the Sinhalese people since the start of the ethnic conflict in 1983.
Norway ... has come out strongly for the separatist terrorist cause.
Although with one hand the Norwegian government is giving us aid, with
the other they are aiding and abetting our enemies. [It] is aware that
the ulterior aim of [the Tamils] is the final disembodiment of Sri Lanka.
Our politicians are immune to the situation. They are ever ready ...
to go begging for aid around the continent. They... don't see the, stritigs
which are attached ... another word for a carrot ... which they dangle
in front of our
face ... to cripple our government's will and to incapacitate our ...
self determination. "
What is particularly attractive in this book is that Weerasinghe, while
writing an excellent piece of crime detection, has given us everything
of interest that pertains to Norway and this island. He tells of the
island's pre-Buddhist ritual dances, the attitudes of the Norwegian
press, the traffic indiscipline that is now rampant in our country.
He tells of Norway [meaning "Born of the Sea"), quotes Ibsen,
and how in the old days, Norse marauders roamed the seas; of how Norway
now has the third highest standard of living and of its wish to be both
moral guardian and eliminate racism... of Fornebu airport, said to be
"A Restaurant with Landing Facilities", of Swiss money laundering
from narcotics, the Mafia and illegal rake offs; of the Tamil asylum
seekers... yes, there's so much to take in and we have Ratnayaka mulling
over the Norwegian media, hell-bent on destroying the reputation of
"Demeaning language is used to describe the Sri Lankan government
and the Sinhalese. They are called "Sinhalese Buddhist chauvinists
" and collectively referred to as "Sinhalese and their apartheid
government and tell of their "insufferable nationalism. "
This is an incredible story for it tells of the do-or-die efforts of
Ratnayaka to solve the murder. As the story progresses, we have more
suspects and a tangled chain to unravel. I will not follow the tale
from one heart- beat to another, but the killing of one Norwegian gem
racketeer on-the Tangalla beach has its repercussions - more murders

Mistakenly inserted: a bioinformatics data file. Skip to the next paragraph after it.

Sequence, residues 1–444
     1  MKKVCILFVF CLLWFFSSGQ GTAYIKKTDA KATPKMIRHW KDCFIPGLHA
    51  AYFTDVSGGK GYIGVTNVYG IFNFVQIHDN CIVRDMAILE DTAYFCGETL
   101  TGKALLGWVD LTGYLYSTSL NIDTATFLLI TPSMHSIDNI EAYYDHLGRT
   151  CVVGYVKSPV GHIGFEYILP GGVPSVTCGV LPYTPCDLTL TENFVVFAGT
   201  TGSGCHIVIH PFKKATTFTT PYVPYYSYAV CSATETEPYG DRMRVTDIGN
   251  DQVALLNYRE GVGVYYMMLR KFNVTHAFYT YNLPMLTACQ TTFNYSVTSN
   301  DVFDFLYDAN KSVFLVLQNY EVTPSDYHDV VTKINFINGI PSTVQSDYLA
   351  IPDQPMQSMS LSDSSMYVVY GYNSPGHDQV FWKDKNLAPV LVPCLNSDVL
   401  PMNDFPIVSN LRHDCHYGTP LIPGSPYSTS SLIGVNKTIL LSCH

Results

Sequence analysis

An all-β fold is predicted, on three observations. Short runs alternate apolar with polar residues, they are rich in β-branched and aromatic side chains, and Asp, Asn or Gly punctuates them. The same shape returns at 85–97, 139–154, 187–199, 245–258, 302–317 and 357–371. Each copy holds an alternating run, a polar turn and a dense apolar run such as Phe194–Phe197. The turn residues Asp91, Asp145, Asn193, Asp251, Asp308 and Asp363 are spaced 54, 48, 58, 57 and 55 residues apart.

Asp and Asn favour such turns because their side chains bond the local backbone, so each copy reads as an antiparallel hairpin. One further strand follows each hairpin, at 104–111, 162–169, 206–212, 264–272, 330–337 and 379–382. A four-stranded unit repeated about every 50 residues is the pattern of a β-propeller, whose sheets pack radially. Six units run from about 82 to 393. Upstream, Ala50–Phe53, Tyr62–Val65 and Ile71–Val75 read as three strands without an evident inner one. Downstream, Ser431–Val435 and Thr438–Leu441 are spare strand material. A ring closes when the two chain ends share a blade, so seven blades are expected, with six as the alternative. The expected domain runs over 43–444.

in Oslo and a clutch of Sri Lankan women, the murderer among them, who
have married or begun to live with the Norwegian racketeers and of one
who was compelled to kill in order to allay suspicion.
The final act in this superb tale takes place in the same Paradise
Hotel in Tangalla. Ratnayaka returns, full of what he has unearthed,
to confront the owner of the hotel boutique selling Sri Lankan souvenir
gifts to tourists. She is Shamila Soma, a coldblooded killer.
While I could cheer the fantastic way in which the OIC had finally
confronted the murderess, I also saw that Weerasinghe had cast him in
a mould that told of utter perseverance; and that he was a man who was
well-educated and well-travelled. But I am not at all pleased with the
cover legend that refers to our hero as "The blundering local Sinhalese
Inspector." He did what seemed impossible in Norway where all he
could rely on was the efforts of one police inspector and the members
of the Sinhalese Expatriates Club. He had to follow many leads, dismiss
what he found irrelevant, and chase up others. It was a huge cat-and-mouse
game and many were the times when he felt that he -Was the,
This is a exceptional detective story and I congratulate Weerasinghe
for taking pains every one of his characters in such a showdown suspects
and all targets open to thorough investigation.
Out of it all, it was the 'blundering Inspector" who triumphed.
I ask that readers try to keep in mind the plethora of characters involved
for there are times that the cat has abandoned the mouse to get entangled
in a big ball of wool. It takes a very good writer to bring them all
into line - the cat, mouse, and the ball of wool and at the end there
is no more wool to pull over the eyes of Sri Lankan law!
Review - MISSION TO OSLO
by Mahinda Weerasinghe - Vijitha Yapa Publications, 2008 - pp. 240